8 Tips for Carefree Flower Beds for Busy Moms — 22 Comments

  1. Hi sorry forgot to ask for some pointers raising a five day old baby lamb in terms of how often to change its nappy. It’s getting exhausting! I already have six children. I don’t want to dock its tale, it’s part merino so don’t think we have to. Do you know of any links to families dealing with autism amd socialisation of a 15 year old boy who we are believing for healing for. Blessings Rebecca Harvey Tasmania

    • We don’t usually dock tails if it’s over 1-2 days either, but it always means a messier lamb. We don’t diaper our lambs, so I don’t have any recommendations there. Even our bottle babies are penned with straw on the porch or in a washtub in the house, so they can discharge freely.

      We don’t deal with autism specifically, but if I was looking for resources online, I would start with the community forums at Attitude Magazine. The families there have a lot of experience and their writers and staff respond regularly in there too. But I would highly recommend connecting with medical staff in your community to get real, solid help.

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  3. I totally agree with stick with perennials – it sure says a lot of money and time. I have a lot of perennials such as you mentioned day lilies which they have so many colors now of that are so easy to grow and maintenance free. I plant a lot of daffodils and tulips bulbs for the spring color. I like to have a variety but the pots I plant I do stick with what I know what works and looks great. Mulching is also a great idea – saves so much work. Congratulations on being featured on Homestead blog hop. Pinning & tweeted.

    • I do also put some daffodils in for the spring. I plant them in the back so they come up alone and something comes up in front as they die off. I like that the perennials reproduce too, so once you plant a few, you can spread them through your yard for free.

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  8. Thanks for the tips for a great looking garden when you might not have a lot of time to work on it!

  9. Thanks, this has really great information. It sounds like y’all are probably in a zone similar to ours. We live in the hot and dry with intermittent deluges and tornados zone. ;-)Thanks, for all the great tips!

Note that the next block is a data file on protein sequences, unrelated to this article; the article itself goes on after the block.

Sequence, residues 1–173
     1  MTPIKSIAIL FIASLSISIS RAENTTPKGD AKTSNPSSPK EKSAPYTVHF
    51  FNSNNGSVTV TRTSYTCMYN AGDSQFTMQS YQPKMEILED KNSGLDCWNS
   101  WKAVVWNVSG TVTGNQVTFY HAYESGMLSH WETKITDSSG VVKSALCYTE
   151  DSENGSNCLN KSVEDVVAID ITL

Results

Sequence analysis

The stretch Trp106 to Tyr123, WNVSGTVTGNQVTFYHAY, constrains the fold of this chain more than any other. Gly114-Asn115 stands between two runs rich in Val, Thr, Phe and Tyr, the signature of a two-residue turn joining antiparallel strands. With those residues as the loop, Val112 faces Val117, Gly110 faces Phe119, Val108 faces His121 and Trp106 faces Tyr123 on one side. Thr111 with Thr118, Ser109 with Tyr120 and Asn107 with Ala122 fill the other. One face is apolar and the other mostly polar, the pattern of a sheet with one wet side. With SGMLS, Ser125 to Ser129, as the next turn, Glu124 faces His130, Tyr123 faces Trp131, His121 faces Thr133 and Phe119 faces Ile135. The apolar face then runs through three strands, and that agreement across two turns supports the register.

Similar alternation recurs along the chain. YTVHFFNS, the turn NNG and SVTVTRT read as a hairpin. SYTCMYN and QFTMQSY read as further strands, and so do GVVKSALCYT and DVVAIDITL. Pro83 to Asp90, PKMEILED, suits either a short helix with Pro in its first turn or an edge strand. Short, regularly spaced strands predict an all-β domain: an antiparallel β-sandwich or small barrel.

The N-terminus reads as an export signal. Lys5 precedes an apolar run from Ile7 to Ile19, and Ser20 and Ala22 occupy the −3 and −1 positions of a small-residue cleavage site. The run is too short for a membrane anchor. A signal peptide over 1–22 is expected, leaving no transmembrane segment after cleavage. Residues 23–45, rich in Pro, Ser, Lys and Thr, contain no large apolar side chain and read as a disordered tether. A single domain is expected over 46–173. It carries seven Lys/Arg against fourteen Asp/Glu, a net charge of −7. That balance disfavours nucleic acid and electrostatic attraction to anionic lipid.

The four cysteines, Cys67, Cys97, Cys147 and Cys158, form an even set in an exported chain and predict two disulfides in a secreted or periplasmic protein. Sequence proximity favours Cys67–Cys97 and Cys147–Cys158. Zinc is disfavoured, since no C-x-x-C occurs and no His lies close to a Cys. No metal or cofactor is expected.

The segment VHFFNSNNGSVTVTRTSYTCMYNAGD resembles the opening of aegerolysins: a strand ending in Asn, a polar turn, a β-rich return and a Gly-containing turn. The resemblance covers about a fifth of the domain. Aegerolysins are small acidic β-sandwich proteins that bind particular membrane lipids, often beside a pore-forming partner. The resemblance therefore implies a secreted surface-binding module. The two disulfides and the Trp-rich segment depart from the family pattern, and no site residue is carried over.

• Yes, we’re fairly temperate, but we can get hot and dry for a few weeks in the summer, and those tropical storms and hurricanes off the coast. I don’t like to (or remember to!) water very often, so I need stuff that works in this area all by itself.

  10. Great tips! I’ve also just seeded wildflowers so thickly I didn’t have to weed! I would also suggest choosing flowers that are edible for an added benefit. My favorites are nasturtiums, johnny-jump-ups, and bachelor’s buttons.

    • I’ve been wanting to do wildflowers along our ditches, but I’d have to convince everyone to stop mowing them! {smile} Around here if we don’t mow, the neighbors or VDOT will!

  11. You’ve made a low maintenance flower gardening SYSTEM: Brilliant! I especially appreciate the inclusion of garden accessories: the finishing touch.

    A couple of notes for those of us in the 2B (or not 2B) zone:
    1) Perennial Evergreen Base Plants-try kinnikinnick (bearberry), junipers, or soapweed yucca (beargrass);
    2)Perennial Flowering Shrubs-actually, I think these grow taller than the suggested evergreen so they should be in the back row-potentilla (cinquefoil), lilacs, Morden roses, ornamental flowing plum;
    3)Perennial Flowers-peonies, rudbeckia (black-eyed susans), echinaecia (coneflowers), shasta daisies;
    4)What is invasive elsewhere MAY not be up here-“check it out, if in doubt” as they say;
    5)Consider some perennial edibles like asparagus (fronds for a background), rhubarb and ostrich ferns (young fiddleheads).

      • We actually have a random flowering plum behind our garage and it IS a lovely small tree! And it’s grown there (in a TERRIBLE spot) without any help at all from us–really in spite of us. That would be a good low-maintenance pick!

    • You definitely need to do a little research on your area. I had great luck with lilacs when we lived in PA, but here they are very temperamental. I’ve also had knockout roses recommended to me several times, but haven’t tried them yet.

  12. Great tips! I’ve been wanting to learn how to grow my own flowers and low-maintenance is perfect for me. Thanks for linking up at the Home Matters Link Party! We hope to see you again next week:) #HomeMattersParty

    • Thanks for stopping by! Flowers make the yard so colorful and cheerful–but my definition of “low maintenance” really means zero maintenance after the first week or so. {smile}